Those who shun debates are not ready to lead, says Pacquiao

ABS-CBN News

Posted at Mar 06 2022 02:47 PM

PROMDI presidential candidate Manny Pacquiao. File photo
PROMDI presidential candidate Manny Pacquiao. File photo

PROMDI presidential aspirant Sen. Manny Pacquiao urged the Commission on Elections (COMELEC) to reconsider its position in giving advance topics to candidates in the upcoming face-to-face debates. 

Pacquiao said these debates are meant to provide the people an informed choice about their candidates, the quality of their leadership, and their style of governance. 

Pacquiao said candidates who shun public debates and refuse to be subjected to full public scrutiny are not ready to lead the country. 

“Tumatakbo kang Presidente, tapos hihingin mo yung mga tanong? Kailangan ready ka sa mga tanong kasi tumatakbo kang Pangulo ng Pilipinas. Dapat 'di ka mapili sa tanong," Pacquiao said in a media briefing in his sorties in Pangasinan. 

"Kasi pag tumatakbo kang Pangulo ng Pilipinas, as much as possible, lahat ng tanong pwede itatanong sayo dahil ikaw ay nag a-apply na maging leader ng bansa.”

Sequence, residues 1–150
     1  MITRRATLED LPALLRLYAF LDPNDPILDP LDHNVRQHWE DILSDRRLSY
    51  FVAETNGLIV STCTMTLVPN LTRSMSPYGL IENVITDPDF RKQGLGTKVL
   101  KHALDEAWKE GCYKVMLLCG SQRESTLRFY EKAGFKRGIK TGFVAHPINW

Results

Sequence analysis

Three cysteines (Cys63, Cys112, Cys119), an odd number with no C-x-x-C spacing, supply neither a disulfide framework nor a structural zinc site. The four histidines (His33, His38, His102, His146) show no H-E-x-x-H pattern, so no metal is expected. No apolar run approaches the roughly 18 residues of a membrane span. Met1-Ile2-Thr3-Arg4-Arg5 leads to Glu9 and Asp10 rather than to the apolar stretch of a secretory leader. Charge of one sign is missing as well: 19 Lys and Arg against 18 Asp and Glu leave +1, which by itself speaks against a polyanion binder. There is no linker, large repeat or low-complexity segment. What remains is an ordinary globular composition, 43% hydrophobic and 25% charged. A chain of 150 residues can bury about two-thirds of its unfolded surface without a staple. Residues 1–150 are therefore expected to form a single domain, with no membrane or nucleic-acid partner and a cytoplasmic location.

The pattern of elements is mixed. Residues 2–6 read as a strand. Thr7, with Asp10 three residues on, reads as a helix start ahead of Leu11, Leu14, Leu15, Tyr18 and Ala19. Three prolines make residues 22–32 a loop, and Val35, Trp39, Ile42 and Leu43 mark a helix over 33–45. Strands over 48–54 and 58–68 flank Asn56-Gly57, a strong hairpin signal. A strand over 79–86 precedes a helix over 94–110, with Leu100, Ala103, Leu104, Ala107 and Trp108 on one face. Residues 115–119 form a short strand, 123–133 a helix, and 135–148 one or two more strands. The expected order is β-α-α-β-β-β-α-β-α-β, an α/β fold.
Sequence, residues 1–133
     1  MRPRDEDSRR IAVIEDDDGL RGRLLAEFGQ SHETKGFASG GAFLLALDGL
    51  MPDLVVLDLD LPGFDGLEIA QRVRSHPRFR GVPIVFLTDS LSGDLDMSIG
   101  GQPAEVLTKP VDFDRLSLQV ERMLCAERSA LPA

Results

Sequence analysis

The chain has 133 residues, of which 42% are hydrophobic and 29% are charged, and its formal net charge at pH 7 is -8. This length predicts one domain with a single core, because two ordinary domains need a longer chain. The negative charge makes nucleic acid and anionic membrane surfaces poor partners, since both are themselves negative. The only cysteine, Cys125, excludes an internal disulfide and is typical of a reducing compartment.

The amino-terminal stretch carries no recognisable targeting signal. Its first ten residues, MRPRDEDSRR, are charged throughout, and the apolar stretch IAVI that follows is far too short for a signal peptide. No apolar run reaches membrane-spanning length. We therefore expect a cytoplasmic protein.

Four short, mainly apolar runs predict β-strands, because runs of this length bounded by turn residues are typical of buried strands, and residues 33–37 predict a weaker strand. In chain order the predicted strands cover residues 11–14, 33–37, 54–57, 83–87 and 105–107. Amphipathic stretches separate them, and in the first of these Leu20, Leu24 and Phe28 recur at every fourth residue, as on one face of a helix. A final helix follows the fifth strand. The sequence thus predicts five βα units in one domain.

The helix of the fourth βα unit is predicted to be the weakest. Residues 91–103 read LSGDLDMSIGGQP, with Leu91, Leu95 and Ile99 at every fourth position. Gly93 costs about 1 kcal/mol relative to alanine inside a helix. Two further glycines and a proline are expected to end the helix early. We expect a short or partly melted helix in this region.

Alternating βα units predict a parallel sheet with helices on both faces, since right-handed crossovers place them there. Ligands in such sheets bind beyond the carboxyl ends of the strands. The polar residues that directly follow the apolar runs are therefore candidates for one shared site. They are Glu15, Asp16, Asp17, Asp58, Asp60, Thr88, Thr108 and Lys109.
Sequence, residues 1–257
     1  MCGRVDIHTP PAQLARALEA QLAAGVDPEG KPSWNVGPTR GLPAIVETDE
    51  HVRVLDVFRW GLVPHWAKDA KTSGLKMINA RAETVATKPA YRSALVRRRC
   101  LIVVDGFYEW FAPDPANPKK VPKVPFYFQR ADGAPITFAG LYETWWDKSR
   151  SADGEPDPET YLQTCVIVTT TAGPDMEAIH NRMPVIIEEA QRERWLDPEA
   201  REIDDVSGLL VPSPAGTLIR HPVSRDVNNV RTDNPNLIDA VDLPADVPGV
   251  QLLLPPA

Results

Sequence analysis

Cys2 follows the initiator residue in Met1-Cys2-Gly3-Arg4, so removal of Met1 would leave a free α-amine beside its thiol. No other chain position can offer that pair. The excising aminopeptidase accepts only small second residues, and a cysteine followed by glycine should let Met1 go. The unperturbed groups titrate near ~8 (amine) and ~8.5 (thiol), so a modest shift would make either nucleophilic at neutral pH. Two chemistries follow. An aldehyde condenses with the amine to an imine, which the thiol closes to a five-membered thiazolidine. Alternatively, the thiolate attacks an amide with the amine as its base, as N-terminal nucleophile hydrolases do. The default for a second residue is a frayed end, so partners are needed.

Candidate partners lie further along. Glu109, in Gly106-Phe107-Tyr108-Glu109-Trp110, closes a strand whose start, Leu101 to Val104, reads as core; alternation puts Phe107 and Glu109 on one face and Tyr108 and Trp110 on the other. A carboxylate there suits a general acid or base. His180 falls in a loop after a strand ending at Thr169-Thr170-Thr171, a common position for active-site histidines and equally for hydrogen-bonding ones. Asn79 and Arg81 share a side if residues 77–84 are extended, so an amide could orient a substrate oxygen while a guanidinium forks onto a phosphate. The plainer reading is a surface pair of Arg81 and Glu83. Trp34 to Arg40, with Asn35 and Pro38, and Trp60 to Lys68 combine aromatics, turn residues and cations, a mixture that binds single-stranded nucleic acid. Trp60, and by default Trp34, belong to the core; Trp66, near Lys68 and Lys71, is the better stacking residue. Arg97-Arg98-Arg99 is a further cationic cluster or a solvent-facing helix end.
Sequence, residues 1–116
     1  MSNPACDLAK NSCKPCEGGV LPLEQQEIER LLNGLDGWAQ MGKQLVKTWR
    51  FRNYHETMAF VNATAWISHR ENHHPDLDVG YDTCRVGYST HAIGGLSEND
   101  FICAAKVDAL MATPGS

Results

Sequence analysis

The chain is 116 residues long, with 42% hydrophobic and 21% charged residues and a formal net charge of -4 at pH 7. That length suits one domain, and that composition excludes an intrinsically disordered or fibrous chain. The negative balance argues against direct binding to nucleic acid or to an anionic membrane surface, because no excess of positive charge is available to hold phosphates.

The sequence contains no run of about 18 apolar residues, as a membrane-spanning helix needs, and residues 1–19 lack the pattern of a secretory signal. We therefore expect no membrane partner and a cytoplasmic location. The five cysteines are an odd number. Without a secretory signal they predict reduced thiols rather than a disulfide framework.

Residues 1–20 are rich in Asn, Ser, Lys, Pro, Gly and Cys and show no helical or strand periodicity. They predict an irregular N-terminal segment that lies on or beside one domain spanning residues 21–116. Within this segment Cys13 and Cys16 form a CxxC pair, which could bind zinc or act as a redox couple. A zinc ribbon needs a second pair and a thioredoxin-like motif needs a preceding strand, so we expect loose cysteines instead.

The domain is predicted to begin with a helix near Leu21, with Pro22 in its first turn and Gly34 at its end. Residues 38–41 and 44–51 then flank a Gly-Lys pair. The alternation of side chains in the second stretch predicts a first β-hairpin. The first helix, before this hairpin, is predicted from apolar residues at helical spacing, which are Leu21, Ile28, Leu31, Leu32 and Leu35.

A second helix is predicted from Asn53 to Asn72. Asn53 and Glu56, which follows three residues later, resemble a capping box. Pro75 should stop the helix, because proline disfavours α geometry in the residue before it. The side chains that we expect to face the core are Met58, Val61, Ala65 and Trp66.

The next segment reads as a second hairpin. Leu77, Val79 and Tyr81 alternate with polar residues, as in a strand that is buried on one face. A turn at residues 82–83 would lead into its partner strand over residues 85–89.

“Tumatakbo kang Presidente, dapat handa kang harapin yung mga tanong na maaring ibabato sa'yo. Handa kang sagutin, hindi 'yung aalamin mo yung mga questions. Mahirap 'yan.“

He said it is best for the Comelec not to provide advance questions so the electorate can truly get a sense of the “purity” of their intention in seeking the presidency.

"Mas maganda on-the-spot ang tanong para mabigla. Makikita mo yung purity kung anong nilalaman ng kanilang puso, kung tunay ba o hindi, 'di ba?" he said.

Pacquiao said the people should not trust candidates who refuse to participate in simple debates because they will take no responsibility for their actions. 

“At the end of the day, kung failure ang administration niya, tapos maghanap ka ng accomplishments, sabihin niya, 'Bakit? Nangako ba ako sa inyo?' 'Pag sa debate nangako ka ng pagbabago at 'di mo natupad, pwede mo balikan, pwede mong isumbat,” he said.

The Comelec set its first presidential debate on March 19.

Comelec spokesman James Jimenez said participants would be given the “general topics” to be covered but not the specific questions.

Candidates would also be prohibited from bringing "kodigos" or notes in the podium, but would be provided a notepad and a pen.

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